Opt for reclaimed, renewable, and non-toxic materials for a more sustainable home
Reclaimed wood brings a natural character and a vintage quality to new—even modern—design.
Remnant material scraps can be diverted from landfills and upcycled into beautiful, useful objects. This pouf seat is fashioned from textile cuttings like black leather and cotton.
Wood certified by the Forest Stewardship Council comes from responsibly managed forests, helping to prevent deforestation.
One of the most eco-friendly ways to shop for home goods is by purchasing second-hand. Check out Rejuvenation's Antiques & Vintage page for unique, quality pieces.
Recycled milk jugs are reinvented as material for this modern waterproof seating. (In a nod to its former life as a beverage container, there's a stainless steel bottle opener under the arm!)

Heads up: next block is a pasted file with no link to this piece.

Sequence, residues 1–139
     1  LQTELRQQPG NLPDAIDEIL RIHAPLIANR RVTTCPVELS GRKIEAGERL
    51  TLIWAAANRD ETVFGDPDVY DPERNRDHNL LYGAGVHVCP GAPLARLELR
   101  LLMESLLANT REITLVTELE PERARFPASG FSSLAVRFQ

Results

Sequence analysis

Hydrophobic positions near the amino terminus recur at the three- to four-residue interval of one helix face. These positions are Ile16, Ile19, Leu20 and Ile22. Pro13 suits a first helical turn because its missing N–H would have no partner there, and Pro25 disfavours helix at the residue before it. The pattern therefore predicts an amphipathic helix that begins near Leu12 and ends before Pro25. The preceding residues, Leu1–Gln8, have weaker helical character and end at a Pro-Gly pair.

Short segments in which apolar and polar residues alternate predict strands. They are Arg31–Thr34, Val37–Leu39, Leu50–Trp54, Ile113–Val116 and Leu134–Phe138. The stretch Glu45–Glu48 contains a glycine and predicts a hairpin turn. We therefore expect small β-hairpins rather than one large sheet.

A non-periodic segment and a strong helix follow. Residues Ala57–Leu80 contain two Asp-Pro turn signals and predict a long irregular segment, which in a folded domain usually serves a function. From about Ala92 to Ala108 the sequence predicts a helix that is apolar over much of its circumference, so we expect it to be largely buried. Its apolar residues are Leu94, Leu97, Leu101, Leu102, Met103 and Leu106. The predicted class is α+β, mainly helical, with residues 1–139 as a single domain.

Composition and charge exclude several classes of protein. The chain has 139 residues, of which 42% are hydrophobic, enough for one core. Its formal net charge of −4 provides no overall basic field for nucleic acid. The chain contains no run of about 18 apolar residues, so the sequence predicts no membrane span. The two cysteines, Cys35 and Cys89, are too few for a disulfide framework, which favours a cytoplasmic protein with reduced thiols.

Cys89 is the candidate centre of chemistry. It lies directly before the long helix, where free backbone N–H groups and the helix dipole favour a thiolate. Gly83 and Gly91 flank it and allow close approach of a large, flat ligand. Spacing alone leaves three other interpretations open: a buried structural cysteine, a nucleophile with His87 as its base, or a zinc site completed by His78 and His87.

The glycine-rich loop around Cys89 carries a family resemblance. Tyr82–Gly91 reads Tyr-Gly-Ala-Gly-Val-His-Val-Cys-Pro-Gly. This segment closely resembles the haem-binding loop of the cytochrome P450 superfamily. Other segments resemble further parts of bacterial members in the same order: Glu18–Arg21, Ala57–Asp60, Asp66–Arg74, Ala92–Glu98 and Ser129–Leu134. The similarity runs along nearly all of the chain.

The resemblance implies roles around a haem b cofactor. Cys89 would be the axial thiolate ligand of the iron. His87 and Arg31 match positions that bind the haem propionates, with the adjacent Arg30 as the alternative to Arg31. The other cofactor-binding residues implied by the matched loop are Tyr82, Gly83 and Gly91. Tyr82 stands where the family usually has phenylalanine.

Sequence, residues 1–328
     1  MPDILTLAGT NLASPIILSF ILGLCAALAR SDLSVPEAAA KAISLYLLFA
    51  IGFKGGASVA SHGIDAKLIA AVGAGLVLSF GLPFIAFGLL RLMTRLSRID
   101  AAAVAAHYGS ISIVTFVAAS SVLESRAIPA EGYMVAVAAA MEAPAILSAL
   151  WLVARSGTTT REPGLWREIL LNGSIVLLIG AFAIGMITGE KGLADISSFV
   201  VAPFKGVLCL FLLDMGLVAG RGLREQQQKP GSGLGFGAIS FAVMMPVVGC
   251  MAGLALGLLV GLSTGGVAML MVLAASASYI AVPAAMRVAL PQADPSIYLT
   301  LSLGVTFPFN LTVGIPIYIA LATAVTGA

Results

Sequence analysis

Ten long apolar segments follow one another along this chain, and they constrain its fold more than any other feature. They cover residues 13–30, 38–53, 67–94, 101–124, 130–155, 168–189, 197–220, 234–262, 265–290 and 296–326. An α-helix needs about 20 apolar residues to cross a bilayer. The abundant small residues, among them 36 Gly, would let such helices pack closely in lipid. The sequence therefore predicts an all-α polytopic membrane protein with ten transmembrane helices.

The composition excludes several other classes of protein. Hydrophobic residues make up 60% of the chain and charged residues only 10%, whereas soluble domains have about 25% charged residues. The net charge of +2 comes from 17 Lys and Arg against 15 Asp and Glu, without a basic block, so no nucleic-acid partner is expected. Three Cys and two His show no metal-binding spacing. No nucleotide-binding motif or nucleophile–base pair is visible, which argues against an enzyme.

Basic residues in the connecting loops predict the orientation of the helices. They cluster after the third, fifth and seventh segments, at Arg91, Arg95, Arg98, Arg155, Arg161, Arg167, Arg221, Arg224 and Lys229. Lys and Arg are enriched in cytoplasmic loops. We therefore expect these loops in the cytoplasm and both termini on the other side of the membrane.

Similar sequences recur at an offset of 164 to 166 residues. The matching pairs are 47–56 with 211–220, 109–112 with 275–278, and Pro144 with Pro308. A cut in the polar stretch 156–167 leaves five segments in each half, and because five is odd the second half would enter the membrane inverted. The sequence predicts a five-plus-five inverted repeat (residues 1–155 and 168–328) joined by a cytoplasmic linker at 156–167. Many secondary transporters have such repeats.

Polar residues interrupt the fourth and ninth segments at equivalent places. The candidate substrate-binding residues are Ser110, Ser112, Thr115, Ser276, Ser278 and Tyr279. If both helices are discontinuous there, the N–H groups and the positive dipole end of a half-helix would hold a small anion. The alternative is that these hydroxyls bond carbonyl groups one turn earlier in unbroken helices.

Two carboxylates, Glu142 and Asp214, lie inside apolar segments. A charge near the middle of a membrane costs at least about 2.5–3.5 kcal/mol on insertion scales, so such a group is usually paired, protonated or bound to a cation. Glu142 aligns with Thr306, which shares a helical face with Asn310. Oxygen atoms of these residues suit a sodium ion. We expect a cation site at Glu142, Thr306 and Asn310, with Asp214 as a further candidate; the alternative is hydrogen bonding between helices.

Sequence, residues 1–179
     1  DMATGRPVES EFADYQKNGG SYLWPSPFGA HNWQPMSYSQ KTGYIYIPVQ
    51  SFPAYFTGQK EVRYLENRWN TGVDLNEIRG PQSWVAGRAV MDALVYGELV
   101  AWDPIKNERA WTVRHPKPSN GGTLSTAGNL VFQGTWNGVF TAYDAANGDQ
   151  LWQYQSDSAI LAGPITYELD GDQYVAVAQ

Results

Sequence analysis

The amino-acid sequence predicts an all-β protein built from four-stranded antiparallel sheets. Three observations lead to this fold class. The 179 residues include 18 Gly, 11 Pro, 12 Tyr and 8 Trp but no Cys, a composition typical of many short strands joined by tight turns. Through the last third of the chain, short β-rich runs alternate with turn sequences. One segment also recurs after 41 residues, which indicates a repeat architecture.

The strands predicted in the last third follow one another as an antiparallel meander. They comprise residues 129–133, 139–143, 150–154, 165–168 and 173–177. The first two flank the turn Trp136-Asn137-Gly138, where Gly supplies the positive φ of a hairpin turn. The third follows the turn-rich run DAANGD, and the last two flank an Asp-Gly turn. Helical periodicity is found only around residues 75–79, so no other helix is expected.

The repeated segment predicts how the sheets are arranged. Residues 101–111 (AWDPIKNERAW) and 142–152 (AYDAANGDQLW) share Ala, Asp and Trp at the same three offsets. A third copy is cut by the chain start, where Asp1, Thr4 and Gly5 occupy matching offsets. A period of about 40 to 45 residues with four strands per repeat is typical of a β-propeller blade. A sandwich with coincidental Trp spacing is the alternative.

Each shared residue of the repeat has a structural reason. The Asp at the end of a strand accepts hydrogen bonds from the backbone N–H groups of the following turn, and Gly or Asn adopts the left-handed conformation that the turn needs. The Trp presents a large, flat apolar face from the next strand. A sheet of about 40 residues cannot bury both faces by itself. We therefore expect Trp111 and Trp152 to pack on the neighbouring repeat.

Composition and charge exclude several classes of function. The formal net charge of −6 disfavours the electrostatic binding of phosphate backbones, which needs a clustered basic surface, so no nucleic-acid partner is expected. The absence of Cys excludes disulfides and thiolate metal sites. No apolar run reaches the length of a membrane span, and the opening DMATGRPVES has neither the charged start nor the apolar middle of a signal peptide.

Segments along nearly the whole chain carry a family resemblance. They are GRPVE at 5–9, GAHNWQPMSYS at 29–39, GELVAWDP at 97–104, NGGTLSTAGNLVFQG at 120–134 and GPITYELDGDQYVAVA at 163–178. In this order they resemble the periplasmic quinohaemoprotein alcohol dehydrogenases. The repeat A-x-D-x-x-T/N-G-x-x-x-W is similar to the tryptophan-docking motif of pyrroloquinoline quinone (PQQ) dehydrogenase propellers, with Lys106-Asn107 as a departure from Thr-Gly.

New life for cast-off materials. These hand-formed reclaimed teak salad servers and bowls bring a natural beauty to the tabletop.
Striking proof that recycled materials can look shiny and new: this knock-out brass hardware.
Pure organic cotton—and Fair Trade Certified—textiles in the bedroom mean you can rest easy in clean comfort.
A greener green thumb: These wall planters (available in 9 colors) are made from recycled milk jugs!
Cork is a beautiful renewable material (after harvest from a cork oak tree, the bark grows back completely), as well as being washable and waterproof.
Recycled glass gets new life—and a whimsical design—as beverage tumblers.
Pre-consumer cotton fibers and clippings are recycled into yarn for knitting this cozy throw blanket with a graphic design.